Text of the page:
Article published in Computational Particle Mechanics, Springer, 2021.
Title: A statistical DEM approach for modelling heterogeneous brittle materials
Authors: Albin Wessling (*1), Simon Larsson (*1), Pär Jonsén (*1), Jörgen Kajberg (*1)
*1: Division of Mechanics of Solid Materials, Luleå University of Technology, 97187 Luleå, Sweden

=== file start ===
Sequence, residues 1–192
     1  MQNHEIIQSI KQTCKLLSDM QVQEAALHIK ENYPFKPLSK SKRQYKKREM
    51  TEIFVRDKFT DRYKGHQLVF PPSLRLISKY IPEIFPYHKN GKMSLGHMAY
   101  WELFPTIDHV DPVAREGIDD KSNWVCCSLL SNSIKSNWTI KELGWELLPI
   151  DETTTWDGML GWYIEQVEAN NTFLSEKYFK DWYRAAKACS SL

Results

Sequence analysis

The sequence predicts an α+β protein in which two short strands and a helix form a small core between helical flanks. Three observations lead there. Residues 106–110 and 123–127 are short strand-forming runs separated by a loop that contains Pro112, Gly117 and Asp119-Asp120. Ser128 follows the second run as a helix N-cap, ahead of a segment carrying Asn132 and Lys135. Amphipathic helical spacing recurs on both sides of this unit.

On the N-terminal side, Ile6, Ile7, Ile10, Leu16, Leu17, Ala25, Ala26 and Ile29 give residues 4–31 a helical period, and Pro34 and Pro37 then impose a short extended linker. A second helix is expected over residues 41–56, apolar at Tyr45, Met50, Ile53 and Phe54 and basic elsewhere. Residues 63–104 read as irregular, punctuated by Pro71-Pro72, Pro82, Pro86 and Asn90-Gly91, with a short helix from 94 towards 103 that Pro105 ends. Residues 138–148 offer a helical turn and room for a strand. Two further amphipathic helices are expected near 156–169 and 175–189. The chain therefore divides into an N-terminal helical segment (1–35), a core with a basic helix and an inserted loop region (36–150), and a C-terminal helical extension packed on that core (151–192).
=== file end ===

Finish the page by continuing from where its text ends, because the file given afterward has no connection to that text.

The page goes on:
Abstract: By utilizing numerical models and simulation, insights about the fracture process of brittle heterogeneous materials can be gained without the need for expensive, difficult, or even impossible, experiments. Brittle and heterogeneous materials like rocks usually exhibit a large spread of experimental data and there is a need for a stochastic model that can mimic this behaviour. In this work, a new numerical approach, based on the Bonded Discrete Element Method, for modelling of heterogeneous brittle materials is proposed and evaluated. The material properties are introduced into the model via two main inputs. Firstly, the grains are constructed as ellipsoidal subsets of spherical discrete elements. The sizes and shapes of these ellipsoidal subsets are randomized, which introduces a grain shape heterogeneity Secondly, the micromechanical parameters of the constituent particles of the grains are given by the Weibull distribution. The model was applied to the Brazilian Disc Test, where the crack initiation, propagation, coalescence and branching could be investigated for different sets of grain cement strengths and sample heterogeneities. The crack initiation and propagation was found to be highly dependent on the level of heterogeneity and cement strength. Specifically, the amount of cracks initiating from the loading contact was found to be more prevalent for cases with higher cement strength and lower heterogeneity, while a more severe zigzag shaped crack pattern was found for the cases with lower cement strength and higher heterogeneity. Generally, the proposed model was found to be able to capture typical phenomena associated with brittle heterogeneous materials, e.g. the unpredictability of the strength in tension and crack properties.